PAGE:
The eggs of Wood Frogs, the earliest species of frog to breed in the Northeast, are just hatching and tiny Wood Frog tadpoles can be found swimming about at this time of year. This Green Heron is devouring a tadpole, but it is anything but tiny – certainly not a Wood Frog tadpole. How can this be?
The answer is that the tadpole that the Green Heron caught did not hatch this spring – it hatched last summer. Unlike Wood Frogs and Spring Peepers that mature in roughly two months, Green Frogs and American Bullfrogs can take two or even three years to metamorphose into adult frogs. By their second summer they are of substantial size. The Green Heron has caught a Green Frog or Bullfrog tadpole that has overwintered and would probably have matured this summer.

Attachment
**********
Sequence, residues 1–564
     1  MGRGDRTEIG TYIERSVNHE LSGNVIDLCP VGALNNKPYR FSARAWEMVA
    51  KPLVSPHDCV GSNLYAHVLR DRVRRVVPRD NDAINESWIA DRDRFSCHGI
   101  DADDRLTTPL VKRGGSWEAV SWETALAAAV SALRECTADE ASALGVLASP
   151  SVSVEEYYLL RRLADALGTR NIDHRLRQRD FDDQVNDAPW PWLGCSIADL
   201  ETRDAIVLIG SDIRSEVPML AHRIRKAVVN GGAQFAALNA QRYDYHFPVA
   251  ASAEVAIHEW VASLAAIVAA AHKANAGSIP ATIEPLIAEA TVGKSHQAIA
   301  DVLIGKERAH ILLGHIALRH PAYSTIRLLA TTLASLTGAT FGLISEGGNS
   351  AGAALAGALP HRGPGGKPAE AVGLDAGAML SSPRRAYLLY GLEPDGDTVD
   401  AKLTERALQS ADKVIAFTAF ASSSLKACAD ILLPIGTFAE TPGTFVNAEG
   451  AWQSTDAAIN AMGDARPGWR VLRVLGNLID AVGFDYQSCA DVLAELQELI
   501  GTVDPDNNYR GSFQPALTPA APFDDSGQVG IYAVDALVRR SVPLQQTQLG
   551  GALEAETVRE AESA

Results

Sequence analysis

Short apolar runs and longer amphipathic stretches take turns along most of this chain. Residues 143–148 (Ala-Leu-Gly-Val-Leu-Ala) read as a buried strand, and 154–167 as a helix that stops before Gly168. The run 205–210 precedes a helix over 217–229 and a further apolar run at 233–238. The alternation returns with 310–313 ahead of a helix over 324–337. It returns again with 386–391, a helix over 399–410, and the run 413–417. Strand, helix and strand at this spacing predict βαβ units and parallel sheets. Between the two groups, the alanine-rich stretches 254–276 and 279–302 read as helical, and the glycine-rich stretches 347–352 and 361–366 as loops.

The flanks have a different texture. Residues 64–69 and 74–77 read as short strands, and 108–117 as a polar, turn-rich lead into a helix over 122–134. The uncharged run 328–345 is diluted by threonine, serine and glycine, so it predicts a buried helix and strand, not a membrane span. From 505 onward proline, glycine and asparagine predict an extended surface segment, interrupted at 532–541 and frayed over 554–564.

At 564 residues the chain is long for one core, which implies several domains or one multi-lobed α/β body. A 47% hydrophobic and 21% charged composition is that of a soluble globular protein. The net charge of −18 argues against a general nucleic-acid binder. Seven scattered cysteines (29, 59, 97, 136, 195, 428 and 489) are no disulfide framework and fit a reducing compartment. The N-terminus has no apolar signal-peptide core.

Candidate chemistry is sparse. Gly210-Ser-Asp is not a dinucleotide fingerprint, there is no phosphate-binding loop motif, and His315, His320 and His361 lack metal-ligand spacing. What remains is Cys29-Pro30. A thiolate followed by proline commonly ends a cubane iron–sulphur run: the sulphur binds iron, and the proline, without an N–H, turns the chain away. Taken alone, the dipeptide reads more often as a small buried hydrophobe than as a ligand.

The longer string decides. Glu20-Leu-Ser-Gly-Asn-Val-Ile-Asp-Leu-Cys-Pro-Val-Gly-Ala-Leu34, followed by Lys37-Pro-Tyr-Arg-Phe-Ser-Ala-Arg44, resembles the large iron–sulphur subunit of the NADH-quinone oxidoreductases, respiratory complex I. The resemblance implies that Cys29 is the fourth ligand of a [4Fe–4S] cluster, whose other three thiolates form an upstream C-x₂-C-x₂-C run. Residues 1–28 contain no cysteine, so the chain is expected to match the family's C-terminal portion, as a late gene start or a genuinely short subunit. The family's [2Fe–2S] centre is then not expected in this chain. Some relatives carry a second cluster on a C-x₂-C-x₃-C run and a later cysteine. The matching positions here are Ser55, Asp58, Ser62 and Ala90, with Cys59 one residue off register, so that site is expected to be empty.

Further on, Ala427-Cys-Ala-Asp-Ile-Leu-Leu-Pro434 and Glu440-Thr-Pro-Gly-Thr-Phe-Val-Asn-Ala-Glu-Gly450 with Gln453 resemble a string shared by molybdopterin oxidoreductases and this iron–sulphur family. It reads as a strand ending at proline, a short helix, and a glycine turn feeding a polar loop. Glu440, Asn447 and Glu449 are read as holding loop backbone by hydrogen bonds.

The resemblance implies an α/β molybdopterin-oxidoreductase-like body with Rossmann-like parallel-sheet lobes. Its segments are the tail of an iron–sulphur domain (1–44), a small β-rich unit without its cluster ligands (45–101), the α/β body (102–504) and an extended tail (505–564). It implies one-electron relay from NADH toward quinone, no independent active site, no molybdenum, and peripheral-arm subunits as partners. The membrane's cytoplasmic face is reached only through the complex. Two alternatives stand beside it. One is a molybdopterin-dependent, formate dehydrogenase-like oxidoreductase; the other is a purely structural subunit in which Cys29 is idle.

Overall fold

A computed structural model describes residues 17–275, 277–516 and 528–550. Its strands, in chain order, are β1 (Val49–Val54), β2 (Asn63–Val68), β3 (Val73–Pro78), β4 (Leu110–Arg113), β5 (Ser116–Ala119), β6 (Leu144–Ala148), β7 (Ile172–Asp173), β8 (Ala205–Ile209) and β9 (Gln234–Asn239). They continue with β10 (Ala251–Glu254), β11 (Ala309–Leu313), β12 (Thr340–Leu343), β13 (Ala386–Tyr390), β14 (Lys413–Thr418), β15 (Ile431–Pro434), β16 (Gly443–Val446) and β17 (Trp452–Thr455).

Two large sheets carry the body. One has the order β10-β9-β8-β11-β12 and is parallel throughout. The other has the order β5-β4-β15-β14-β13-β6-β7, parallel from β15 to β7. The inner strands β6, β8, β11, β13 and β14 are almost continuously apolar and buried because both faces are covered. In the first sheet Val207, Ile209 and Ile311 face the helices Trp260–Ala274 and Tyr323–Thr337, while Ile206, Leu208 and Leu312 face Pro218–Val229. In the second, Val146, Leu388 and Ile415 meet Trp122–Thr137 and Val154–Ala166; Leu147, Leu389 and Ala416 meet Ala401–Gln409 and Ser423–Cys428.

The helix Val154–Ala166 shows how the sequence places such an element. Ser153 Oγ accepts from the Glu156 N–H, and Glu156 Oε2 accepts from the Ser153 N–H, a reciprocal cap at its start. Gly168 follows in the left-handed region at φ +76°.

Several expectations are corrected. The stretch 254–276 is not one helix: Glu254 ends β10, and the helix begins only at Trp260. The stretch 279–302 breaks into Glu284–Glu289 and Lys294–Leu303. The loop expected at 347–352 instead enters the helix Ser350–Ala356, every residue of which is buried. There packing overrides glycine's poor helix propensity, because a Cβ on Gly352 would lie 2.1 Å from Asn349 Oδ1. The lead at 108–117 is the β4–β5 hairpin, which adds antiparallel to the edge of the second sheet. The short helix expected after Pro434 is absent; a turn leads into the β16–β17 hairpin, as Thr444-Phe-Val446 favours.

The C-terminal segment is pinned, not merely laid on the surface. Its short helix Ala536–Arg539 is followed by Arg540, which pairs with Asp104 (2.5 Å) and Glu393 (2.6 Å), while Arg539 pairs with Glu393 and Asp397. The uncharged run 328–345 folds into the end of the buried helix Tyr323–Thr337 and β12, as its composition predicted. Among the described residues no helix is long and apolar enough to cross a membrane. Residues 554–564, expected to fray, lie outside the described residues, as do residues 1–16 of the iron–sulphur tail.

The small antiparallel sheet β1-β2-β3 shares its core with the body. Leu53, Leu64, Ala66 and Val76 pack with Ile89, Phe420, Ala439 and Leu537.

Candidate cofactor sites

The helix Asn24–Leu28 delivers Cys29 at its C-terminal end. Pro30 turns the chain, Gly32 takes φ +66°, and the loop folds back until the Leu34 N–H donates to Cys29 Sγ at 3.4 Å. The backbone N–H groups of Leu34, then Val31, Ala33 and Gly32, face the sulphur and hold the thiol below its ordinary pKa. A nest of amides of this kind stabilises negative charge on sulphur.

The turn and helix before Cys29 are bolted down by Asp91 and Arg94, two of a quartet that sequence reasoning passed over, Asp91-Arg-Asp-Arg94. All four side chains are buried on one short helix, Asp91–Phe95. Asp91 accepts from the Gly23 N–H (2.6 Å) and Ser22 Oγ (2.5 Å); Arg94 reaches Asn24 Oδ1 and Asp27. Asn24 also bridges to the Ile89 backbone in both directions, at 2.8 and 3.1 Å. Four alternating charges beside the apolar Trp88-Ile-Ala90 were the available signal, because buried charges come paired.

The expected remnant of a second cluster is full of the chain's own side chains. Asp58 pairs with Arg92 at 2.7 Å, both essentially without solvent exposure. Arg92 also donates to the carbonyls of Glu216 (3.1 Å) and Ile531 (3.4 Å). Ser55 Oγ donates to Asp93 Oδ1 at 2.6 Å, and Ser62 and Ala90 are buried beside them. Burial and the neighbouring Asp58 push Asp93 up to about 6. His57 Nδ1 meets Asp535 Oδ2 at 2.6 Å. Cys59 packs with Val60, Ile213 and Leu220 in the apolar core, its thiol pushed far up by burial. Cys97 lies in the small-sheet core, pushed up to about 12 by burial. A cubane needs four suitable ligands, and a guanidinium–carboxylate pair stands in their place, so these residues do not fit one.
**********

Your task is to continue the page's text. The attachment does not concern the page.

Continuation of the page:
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This entry was posted on May 22, 2019 by Mary Holland. It was filed under American Bullfrog, Amphibians, Frogs, Green Frog, Green Heron, Herons, Metamorphosis, Predator-Prey, Uncategorized, Wood Frog, Wood Frog Eggs and was tagged with Butorides virescens.